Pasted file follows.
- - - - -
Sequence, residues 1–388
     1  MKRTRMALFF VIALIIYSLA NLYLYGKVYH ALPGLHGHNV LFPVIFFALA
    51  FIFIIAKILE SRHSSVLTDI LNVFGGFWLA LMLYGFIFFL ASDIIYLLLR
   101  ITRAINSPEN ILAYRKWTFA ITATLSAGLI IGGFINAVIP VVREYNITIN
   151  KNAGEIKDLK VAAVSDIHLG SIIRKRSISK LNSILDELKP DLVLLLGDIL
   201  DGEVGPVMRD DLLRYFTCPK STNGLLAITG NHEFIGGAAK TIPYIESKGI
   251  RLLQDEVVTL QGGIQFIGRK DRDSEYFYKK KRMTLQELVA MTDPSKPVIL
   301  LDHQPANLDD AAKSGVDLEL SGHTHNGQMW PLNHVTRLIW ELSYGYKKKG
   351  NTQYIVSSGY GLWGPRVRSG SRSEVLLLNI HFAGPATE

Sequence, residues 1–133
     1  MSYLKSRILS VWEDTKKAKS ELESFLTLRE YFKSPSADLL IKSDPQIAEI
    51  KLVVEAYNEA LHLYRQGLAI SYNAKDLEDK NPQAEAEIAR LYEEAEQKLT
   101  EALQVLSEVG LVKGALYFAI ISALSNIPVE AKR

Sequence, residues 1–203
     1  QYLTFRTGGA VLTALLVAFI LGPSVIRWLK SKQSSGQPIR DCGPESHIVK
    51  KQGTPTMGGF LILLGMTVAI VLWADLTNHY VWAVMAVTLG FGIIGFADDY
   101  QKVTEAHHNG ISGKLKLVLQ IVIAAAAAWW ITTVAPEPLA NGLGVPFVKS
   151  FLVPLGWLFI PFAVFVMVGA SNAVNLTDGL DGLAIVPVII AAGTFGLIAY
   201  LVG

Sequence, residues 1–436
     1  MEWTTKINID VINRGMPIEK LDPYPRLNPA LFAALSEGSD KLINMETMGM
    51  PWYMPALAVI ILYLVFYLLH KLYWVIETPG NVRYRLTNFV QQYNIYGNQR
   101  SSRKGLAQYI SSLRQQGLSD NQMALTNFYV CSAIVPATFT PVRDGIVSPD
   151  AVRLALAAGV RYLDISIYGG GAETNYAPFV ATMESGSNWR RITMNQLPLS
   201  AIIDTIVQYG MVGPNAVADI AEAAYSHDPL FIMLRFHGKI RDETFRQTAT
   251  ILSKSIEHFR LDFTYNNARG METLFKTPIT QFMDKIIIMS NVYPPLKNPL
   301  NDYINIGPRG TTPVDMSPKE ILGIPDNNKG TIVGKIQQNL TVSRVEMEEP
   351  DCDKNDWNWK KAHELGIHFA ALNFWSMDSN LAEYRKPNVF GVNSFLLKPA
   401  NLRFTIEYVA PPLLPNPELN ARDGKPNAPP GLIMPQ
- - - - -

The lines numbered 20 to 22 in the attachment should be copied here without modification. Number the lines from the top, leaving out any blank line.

Sequence, residues 1–436
     1  MEWTTKINID VINRGMPIEK LDPYPRLNPA LFAALSEGSD KLINMETMGM
    51  PWYMPALAVI ILYLVFYLLH KLYWVIETPG NVRYRLTNFV QQYNIYGNQR